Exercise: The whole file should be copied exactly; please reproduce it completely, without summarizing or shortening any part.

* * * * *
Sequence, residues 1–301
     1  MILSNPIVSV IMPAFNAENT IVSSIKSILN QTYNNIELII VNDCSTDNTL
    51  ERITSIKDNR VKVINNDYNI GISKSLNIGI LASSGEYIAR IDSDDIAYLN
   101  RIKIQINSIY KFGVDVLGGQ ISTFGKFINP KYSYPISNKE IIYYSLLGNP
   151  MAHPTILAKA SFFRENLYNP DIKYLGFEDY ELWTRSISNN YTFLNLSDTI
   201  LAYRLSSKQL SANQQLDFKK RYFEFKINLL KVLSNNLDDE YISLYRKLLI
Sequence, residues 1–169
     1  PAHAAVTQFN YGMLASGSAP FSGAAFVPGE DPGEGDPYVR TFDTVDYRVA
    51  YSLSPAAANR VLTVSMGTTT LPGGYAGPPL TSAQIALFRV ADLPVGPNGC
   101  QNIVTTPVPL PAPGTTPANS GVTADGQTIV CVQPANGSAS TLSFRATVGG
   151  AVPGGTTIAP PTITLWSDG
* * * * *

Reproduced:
Sequence, residues 1–301
     1  MILSNPIVSV IMPAFNAENT IVSSIKSILN QTYNNIELII VNDCSTDNTL
    51  ERITSIKDNR VKVINNDYNI GISKSLNIGI LASSGEYIAR IDSDDIAYLN
   101  RIKIQINSIY KFGVDVLGGQ ISTFGKFINP KYSYPISNKE IIYYSLLGNP
   151  MAHPTILAKA SFFRENLYNP DIKYLGFEDY ELWTRSISNN YTFLNLSDTI
   201  LAYRLSSKQL SANQQLDFKK RYFEFKINLL KVLSNNLDDE YISLYRKLLI
Sequence, residues 1–169
     1  PAHAAVTQFN YGMLASGSAP FSGAAFVPGE DPGEGDPYVR TFDTVDYRVA
    51  YSLSPAAANR VLTVSMGTTT LPGGYAGPPL TSAQIALFRV ADLPVGPNGC
   101  QNIVTTPVPL PAPGTTPANS GVTADGQTIV CVQPANGSAS TLSFRATVGG
   151  AVPGGTTIAP PTITLWSDG